Where the forest opens, views open across the narrow river valley to the line of minor peaks known as the Ridge of Gargoyles that terminates in the higher and separately named Boulder Ridge near Marmot Pass. Visible here are, from left to right, The Turret, Upper Gargoyle, and Boulder Ridge. Upper Big Quilcene Trail, September 22, 2016.
Even when the clouds that frequent the Olympics descend, look up for glimpses of the Gargoyles along the trail. Upper Big Quilcene Trail, June 16, 2016.
As the trail climbs, forest clearings and rocky mountainside meadows host brighter blooms, including various paintbrushes (Castilleja sp.) (first column), Scouler’s valerians (Valeriana scouleri) (second column, top), larkspurs (Delphinium sp.) (second column, upper center), Sitka, or, western columbines (Aquilegia formosa) (second column, lower center), western meadow-rue (Thalictrum occidentale) (second column, bottom), sand dune wallflowers (Erysimum capitatum) in both their common yellow and uncommon purple forms (third column), and chocolate, or, checker lilies (Fritillaria affinis) (fourth column). Upper Big Quilcene Trail, June 16, 2016.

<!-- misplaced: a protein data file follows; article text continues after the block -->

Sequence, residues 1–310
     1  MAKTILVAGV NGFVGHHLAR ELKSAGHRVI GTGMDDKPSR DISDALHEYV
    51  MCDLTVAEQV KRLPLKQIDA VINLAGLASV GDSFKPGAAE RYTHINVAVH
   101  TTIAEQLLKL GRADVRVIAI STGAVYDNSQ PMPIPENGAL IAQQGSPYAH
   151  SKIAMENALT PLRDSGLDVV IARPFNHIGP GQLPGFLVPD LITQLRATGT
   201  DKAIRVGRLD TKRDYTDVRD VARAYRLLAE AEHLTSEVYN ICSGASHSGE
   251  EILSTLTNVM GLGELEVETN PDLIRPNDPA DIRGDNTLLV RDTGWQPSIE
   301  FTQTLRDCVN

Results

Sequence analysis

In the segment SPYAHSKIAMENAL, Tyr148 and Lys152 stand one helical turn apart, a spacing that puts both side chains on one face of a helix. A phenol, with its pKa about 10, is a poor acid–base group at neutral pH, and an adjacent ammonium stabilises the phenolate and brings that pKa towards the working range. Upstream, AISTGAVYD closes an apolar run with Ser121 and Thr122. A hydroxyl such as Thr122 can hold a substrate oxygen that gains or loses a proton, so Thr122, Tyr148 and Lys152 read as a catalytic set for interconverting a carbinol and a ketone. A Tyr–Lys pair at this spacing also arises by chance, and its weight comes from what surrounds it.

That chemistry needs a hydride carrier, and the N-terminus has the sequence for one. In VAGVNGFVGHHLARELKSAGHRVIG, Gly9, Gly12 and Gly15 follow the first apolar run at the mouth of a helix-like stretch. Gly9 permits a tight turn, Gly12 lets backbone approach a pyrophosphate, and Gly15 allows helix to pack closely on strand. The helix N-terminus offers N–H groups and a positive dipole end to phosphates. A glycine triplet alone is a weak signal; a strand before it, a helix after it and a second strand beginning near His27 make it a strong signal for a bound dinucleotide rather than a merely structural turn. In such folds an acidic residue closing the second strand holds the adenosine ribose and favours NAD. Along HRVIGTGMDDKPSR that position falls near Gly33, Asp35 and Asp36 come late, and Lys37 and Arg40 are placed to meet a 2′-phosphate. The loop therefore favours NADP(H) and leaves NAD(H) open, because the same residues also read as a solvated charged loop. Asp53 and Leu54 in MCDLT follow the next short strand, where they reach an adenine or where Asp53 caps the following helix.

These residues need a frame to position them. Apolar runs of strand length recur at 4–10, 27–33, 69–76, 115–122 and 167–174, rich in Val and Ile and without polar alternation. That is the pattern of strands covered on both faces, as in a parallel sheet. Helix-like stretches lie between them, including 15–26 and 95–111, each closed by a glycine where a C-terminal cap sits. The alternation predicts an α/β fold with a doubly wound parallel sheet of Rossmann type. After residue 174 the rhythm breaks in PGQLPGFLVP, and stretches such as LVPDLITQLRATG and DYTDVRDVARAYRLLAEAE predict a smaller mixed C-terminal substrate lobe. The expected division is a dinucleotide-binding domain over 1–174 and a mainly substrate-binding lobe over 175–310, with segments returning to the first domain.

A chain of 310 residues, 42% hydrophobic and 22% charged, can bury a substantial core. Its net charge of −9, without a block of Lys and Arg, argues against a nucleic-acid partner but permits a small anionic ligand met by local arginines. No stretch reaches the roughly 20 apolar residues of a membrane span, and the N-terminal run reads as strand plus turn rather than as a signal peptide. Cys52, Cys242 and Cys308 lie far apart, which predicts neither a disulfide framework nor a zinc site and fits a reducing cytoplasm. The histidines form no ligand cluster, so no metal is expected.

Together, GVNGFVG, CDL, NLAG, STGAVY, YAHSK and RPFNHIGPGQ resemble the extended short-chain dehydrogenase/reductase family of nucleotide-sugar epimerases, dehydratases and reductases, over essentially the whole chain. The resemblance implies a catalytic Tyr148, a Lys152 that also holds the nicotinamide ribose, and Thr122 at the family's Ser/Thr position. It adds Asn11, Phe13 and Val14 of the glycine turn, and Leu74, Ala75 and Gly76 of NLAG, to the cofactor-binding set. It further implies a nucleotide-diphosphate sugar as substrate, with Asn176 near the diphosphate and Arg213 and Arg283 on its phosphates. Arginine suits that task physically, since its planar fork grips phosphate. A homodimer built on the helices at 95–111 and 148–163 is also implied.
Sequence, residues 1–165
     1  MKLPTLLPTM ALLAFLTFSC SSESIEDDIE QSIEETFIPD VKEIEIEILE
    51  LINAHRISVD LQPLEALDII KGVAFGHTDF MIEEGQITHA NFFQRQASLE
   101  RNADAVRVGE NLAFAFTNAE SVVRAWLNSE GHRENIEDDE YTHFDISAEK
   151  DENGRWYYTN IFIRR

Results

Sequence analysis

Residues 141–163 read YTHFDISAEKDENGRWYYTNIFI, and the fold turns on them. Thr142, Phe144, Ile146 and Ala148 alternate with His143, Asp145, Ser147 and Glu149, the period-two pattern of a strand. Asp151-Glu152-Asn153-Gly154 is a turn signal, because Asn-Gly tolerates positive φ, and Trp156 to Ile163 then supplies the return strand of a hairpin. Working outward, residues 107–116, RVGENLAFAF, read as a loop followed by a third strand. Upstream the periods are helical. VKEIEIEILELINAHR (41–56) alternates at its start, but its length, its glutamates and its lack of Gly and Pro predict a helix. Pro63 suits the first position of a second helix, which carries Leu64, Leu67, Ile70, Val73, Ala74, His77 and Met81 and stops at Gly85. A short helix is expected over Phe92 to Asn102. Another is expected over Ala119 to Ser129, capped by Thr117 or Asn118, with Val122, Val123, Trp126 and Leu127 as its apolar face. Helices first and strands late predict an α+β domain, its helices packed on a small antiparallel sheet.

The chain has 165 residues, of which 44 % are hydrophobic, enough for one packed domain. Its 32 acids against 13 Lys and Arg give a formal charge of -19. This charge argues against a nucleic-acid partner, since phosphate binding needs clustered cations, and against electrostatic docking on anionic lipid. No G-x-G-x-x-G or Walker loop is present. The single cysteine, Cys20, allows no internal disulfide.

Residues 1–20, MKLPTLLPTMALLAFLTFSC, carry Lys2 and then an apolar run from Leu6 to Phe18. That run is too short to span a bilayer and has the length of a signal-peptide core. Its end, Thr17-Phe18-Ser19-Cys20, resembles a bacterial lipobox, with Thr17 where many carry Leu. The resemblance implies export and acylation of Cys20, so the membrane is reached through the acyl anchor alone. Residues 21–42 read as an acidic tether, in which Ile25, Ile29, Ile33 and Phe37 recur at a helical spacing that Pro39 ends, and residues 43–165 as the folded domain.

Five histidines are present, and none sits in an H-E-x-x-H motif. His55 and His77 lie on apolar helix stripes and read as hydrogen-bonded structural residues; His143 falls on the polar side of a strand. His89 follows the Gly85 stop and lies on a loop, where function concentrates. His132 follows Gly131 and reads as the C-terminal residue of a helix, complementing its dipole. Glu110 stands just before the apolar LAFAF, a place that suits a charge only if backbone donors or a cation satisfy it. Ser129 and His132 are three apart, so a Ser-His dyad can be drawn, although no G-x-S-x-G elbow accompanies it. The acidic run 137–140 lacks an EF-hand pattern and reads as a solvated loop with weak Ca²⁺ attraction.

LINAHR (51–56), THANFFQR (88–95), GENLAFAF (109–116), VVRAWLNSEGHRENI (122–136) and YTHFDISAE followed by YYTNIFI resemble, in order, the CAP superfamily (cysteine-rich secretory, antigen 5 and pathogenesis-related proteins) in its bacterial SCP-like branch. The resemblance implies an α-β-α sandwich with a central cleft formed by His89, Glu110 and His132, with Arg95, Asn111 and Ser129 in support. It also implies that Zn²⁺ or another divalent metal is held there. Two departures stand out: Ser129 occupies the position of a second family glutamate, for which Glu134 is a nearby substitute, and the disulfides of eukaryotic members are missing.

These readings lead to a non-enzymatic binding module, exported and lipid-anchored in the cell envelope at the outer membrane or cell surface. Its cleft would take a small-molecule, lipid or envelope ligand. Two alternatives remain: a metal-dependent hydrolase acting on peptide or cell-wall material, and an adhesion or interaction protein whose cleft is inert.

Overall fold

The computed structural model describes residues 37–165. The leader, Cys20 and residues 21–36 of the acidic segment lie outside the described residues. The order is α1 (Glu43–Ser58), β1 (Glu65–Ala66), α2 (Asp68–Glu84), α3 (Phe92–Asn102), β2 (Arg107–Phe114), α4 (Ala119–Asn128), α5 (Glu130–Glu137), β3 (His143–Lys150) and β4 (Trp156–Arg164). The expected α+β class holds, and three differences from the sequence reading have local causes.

In its final ascent to Marmot Pass, the trail climbs through subalpine forest and meadows, seen here in a glance back down the trail. Upper Big Quilcene Trail, September 22, 2016.
In the harsher climate near the treeline, still other blooms flourish, including lupines (Lupinus sp.) (first column), splendid fleabanes (Erigeron speciosus) (second column, top), alpine leafybract asters (Symphyotrichum foliaceum) (second column, center), spreading phlox (Phlox diffusa) (third column, top), violets (Viola sp.) (third column, upper center), western globeflowers (Trollius albiflorus) (third column, lower center), strawberries (Fragaria sp.) (fourth column, top), common yarrow (Achillea millefollium) (fourth column, upper center), orange agoserises (Agoseris aurantiaca) (fourth column, lower center), and cliff dwarf-primroses (Douglasia laevigata) (bottom). Upper Big Quilcene Trail, June 16 and September 22, 2016.
Beyond the final climb, Marmot Pass’s vast alpine meadow is attained. Trails ring the meadow and lead to a junction with several others at the top of the pass. Upper Big Quilcene Trail, September 22, 2016.
Snow often persists — and falls — late in the season at Marmot Pass. Upper Big Quilcene Trail, June 16, 2016.
From the top of Marmot Pass, views stretch in both directions; here, eastward back down the meadow and across the now distant Ridge of Gargoyles. Upper Big Quilcene Trail, September 22, 2016.
Buckhorn Mountain looms to the northeast of Marmot Pass. From the Tubal Cain Trail a short distance from the junction on the pass, a steep, one-mile/1.60-km side trail leads to its summit. Upper Big Quilcene Trail, September 22, 2016.
West from Marmot Pass, the view reaches across the Dungeness River Valley to the expanse of Olympic peaks beyond. Upper Big Quilcene Trail, September 22, 2016.